Michael McKennaMichael McKenna is a compatibilist and naturalist who is a prominent defender of Harry Frankfurt's attempts to deny the principle of alternative possibilities (or PAP). McKenna's recent attempts are notable in that they openly grant libertarian freedom involving alternative possibilities. John Martin Fischer described any remaining alternative possibilities as miniscule "flickers of freedom" that are not morally significant. McKenna argues that Frankfurt defenders should not struggle to block these many alternative possibilities that are not morally significant. They should grant indeterministic libertarian freedom to those and concentrate on blocking the morally significant. McKenna extends Fischer's morally "robust" alternatives, saying that they must figure in the ground upon which an agent is morally responsible for her action. McKenna hopes for a strategy that will not simply discount all the alternative possibilities, because that might appear to be determining the agent's action.
Can Frankfurt examples achieve both the results of polluting all robust alternatives and at the same time not presupposing determinism? The trouble seems to be that effectively polluting all alternative actional pathways within an agent's control comes dangerously close to making that problematic deterministic assumption. But loosening the restraints so as to avoid this problem seems to invite sufficient slippage that the incompatibilist will be able to locate some robust alternative. I suggest that the Frankfurt-defender attempt to close off all morally significant alternatives without attempting to pollute all alternative actional pathways within an agent's control. To do this a Frankfurt-defender must identify some class of actional pathways comprising morally insignificant alternatives — alternatives that could not aid in grounding the judgment that an agent in a Frankfurt example is morally responsible for what she does. The Frankfurt defender can leave these actional pathways entirely open and within the control of the agent. No fancy gizmos or crafty interveners need to be present to achieve the modest ensuring conditions required simply to close down some, but not all, alternatives. It is easy to imagine contingencies entirely consistent with indeterminism in which some range of an agent's options are blocked. Call this the limited blockage strategy for defending Frankfurt examples.With his "limited blockage strategy" McKenna can allow "oodles and oodles" of unimportant alternatives.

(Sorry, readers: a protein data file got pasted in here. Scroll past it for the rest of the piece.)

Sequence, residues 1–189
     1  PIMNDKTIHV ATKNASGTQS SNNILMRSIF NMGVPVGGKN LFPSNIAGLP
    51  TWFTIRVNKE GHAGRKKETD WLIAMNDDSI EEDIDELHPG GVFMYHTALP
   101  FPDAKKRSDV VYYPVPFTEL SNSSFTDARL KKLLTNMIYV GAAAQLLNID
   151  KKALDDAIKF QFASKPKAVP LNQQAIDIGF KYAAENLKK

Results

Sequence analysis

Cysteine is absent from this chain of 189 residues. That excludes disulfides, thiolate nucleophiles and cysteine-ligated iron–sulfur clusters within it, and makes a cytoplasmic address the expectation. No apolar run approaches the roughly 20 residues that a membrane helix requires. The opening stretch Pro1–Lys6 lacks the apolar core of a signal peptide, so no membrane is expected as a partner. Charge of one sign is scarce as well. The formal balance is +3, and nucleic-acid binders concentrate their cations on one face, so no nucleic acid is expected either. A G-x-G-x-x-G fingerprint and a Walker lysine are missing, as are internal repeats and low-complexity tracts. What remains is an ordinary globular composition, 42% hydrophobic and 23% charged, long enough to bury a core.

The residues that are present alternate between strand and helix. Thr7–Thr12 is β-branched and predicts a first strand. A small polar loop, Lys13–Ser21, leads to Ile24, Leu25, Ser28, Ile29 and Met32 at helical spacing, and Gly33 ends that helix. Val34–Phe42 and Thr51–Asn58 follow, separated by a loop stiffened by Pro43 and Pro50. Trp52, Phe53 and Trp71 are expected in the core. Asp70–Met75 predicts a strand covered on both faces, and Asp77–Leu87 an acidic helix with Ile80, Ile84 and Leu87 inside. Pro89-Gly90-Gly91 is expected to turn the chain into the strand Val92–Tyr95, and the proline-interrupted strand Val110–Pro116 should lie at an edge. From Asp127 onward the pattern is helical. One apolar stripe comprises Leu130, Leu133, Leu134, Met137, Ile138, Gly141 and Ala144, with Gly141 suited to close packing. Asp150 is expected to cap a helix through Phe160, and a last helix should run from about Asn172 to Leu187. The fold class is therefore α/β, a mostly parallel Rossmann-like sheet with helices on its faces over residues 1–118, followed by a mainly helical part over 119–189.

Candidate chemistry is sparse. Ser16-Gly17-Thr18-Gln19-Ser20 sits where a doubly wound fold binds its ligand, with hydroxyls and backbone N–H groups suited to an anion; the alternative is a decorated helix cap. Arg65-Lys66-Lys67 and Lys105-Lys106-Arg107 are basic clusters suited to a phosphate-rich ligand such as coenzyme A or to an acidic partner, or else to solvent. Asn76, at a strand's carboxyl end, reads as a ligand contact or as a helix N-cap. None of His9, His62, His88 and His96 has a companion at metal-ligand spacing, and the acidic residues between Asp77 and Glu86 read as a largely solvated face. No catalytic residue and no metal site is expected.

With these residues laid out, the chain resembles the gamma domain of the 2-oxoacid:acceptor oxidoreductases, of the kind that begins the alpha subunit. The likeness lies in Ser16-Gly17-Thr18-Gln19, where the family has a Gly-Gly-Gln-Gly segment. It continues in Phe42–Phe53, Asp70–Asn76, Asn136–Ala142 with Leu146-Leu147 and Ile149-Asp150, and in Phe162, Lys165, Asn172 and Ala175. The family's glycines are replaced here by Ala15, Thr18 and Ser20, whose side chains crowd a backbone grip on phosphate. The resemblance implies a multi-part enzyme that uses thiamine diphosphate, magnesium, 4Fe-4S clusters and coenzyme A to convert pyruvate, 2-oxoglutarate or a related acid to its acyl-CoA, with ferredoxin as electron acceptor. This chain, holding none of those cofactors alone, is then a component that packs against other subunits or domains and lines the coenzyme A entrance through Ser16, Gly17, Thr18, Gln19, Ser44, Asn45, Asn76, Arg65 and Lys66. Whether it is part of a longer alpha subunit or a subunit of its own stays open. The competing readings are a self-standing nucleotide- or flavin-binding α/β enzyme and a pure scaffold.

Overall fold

The theoretical advantage the limited blockage strategy offers over other recent Frankfurt example strategies is that limited blockage cases openly grant libertarian freedom involving alternative possibilities. The examples. therefore, clearly do not require any special considerations that might tacitly import a deterministic relation between agent and action. Indeed, they allow an agent in a Frankfurt example oodles and oodles of alternatives. lmagine in the case Brain Malfunction, the many further possibilities open to Casper. Casper could have sung a little ditty and done a cutesy jig like Shirley Temple, finishing off with a set of jazz hands; or begun citing nursery rhymes; or made an attempt to eat his fist; or any of a number of equally ludicrous and irrelevant things.